Device 60 maximum positive surge current.

Device 54 maximum positive Ll surge current component.

Device 57 maximum positive HF surge current component.

, Device 61 maximum negative surge current component. Device maximum negative LF surge current component.

Device 58 maximum negative HF surge current From a comparison of high and low-frequency component measurements, we can determine approximately the average frequency of the surge oscillation. If desired, the pick-up magnets 54, 55, SLand 5| may be transferred to a magnetic vane ratio instrument as represented in Fig. 12, which then measures the ratio between the re sultant strength of the LF magnets 54 and 55 and the resultant strength of the HF magnets 51 and 56. and gives an indication calibrated in terms of frequency. Also, in Fig. 12, the negative surge measurement magnets 55 and 58 may be removed to obtain a ratio measurement of only the positive 'high and low-frequency pick-up magnets in terms of fr'cguenc Similarly, pickup magnets I4 and I! may be removed to obtain a comparison measurement of magnets 55 and n.- Such an instrument may be provided with a scale calibrated in per cent positive surge component for comparing positive and negative pickup units which have been magnetized accordingly, for example, pick-up units Cl and 6|,

Fig. 11.

In accordance with the provisions of the patent statutes, I have described the principle of operation of my invention, together with the apparatus which I now consider-to represent the best embodiment thereof, but I desire to have it apparatus shown is only illustrative and that the invention may be carried out by other means.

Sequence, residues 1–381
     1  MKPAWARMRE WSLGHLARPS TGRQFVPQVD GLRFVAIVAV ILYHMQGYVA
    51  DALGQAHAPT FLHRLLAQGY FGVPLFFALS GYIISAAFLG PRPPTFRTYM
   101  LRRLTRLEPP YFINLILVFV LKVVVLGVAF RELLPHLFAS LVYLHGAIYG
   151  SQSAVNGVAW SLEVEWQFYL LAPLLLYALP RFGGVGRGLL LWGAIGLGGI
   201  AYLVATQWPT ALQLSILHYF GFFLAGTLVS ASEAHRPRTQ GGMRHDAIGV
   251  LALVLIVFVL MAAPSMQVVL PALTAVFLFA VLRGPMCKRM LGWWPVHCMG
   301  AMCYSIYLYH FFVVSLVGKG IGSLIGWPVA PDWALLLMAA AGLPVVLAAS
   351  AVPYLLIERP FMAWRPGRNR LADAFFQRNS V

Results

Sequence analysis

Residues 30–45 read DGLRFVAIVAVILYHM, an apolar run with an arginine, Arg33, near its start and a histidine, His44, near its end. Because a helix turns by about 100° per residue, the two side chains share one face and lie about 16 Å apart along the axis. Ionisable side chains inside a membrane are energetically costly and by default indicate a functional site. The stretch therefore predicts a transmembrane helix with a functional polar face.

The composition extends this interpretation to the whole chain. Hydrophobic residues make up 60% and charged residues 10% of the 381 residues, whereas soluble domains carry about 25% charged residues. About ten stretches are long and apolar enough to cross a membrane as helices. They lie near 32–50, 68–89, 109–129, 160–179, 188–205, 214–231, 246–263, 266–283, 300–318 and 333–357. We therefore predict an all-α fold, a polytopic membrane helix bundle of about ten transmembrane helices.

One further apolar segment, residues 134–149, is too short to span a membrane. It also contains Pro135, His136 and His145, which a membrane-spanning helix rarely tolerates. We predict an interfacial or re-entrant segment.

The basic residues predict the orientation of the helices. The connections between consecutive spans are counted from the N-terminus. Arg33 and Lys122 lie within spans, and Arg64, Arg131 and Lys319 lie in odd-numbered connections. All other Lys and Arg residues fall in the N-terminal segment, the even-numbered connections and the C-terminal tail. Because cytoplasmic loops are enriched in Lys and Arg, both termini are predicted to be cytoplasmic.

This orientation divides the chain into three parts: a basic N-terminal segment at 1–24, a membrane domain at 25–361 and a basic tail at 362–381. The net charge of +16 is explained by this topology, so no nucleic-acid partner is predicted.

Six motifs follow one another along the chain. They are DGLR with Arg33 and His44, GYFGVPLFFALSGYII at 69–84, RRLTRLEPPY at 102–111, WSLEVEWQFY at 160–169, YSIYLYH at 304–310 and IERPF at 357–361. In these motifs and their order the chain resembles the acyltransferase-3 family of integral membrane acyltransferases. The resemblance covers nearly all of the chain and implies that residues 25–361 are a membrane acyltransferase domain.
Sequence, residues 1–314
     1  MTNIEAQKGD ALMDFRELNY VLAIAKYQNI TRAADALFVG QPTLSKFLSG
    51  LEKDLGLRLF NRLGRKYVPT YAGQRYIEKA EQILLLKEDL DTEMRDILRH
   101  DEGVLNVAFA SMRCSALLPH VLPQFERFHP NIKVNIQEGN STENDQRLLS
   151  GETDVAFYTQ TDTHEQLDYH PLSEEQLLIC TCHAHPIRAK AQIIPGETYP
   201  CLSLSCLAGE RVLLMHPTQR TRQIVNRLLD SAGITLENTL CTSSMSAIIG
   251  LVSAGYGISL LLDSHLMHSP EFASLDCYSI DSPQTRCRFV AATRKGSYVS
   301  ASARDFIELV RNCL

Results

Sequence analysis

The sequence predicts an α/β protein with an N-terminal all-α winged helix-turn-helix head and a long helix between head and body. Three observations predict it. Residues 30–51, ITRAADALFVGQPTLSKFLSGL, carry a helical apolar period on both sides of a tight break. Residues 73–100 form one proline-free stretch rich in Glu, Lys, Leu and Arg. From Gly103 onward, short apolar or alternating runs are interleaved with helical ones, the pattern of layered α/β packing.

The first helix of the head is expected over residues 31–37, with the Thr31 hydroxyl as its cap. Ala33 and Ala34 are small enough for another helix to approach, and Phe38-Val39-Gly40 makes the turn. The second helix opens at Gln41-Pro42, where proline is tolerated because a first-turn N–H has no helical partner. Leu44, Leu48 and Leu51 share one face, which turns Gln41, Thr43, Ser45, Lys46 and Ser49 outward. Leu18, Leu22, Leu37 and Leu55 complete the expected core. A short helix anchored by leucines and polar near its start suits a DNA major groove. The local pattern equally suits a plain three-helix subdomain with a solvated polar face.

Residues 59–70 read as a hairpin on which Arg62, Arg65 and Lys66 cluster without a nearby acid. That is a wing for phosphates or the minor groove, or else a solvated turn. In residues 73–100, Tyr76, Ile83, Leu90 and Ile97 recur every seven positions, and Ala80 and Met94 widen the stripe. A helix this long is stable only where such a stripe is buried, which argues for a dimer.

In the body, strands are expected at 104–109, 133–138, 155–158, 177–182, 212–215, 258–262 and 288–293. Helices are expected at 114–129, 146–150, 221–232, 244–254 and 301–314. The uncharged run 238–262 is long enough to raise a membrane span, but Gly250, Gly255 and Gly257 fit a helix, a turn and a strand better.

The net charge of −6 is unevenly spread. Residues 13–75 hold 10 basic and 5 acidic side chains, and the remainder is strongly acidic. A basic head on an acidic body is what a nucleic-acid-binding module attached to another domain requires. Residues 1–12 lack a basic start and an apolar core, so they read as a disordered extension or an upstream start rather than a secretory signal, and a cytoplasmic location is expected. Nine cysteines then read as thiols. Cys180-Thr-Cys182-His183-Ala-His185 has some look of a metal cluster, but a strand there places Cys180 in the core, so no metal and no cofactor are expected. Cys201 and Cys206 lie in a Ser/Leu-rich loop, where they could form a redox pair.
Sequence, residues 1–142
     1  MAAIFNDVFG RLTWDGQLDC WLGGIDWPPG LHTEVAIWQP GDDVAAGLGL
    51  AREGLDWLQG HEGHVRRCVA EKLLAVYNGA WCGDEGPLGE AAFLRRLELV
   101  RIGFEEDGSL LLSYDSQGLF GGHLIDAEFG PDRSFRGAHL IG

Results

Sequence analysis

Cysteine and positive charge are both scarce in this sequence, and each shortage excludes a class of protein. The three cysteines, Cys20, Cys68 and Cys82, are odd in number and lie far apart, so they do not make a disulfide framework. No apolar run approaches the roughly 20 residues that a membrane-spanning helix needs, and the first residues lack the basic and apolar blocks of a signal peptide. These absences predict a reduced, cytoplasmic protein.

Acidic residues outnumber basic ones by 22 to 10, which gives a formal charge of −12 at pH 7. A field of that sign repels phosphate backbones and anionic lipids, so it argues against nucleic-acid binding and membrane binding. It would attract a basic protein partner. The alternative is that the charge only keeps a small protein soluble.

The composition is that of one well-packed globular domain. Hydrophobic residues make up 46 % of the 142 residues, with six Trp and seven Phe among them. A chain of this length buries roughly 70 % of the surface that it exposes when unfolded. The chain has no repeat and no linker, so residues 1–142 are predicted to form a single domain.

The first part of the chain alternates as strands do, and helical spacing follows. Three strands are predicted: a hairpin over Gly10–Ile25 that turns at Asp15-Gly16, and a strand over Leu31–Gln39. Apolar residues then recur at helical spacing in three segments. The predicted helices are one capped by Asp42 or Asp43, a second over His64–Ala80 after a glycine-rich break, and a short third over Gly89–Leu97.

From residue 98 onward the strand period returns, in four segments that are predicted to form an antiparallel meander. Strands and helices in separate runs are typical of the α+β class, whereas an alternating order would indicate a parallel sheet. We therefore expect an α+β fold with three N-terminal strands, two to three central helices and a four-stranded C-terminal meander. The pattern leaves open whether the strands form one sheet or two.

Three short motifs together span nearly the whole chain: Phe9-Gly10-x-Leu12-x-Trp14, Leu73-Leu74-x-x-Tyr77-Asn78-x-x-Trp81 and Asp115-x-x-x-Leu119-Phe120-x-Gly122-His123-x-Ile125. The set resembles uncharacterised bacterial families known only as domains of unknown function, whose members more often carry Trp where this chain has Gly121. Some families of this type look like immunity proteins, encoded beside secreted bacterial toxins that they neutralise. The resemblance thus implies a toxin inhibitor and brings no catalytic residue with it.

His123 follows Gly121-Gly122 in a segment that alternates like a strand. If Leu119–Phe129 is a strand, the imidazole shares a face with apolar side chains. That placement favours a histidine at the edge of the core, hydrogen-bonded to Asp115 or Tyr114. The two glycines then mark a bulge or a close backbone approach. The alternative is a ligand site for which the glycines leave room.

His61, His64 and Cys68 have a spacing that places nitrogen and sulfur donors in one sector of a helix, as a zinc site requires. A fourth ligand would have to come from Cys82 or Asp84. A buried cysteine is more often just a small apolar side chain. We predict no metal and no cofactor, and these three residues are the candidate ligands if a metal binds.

. What I claim as new and desire to secure by Letters Patent of the United States is:

1. Apparatus for use in measuring the character of current surges comprising. a current transformer, a pick-up coil connected to be energized from the secondary of said transformer,

' rent-impulses of onesign .up coil and current impulses of the other sign of being permanently current rectifier means-included in the circuit between said transformer secondary and pick-up coil for the. purpose of permitting current to flow in only one direction in said coil, and a magnetizable core element of permanent magnet material within said pick-up coil.

2. Apparatus for use in measuring the character of current surges comprising, a current transformer, a pick-up winding connected to be energized from the secondary of said transformer, full-wave rectifier means included in circuit between said transformer secondary and pick-up winding, andcore means of permanent magnet material positioned to be magnetized by the rectified current flowing in said winding.

3. Apparatus for use in measuring the character of surges comprising, a current transformer, pick-up winding means energized from the secondary of said transformer, dry contact type metallic rectifier means for rectifying the current supplied by said transformer to said winding means, and a core element for said pick-up winding made of a material capable of being permanently magnetized by and in proportion to the maximum rectified current impulse in the pickup winding means.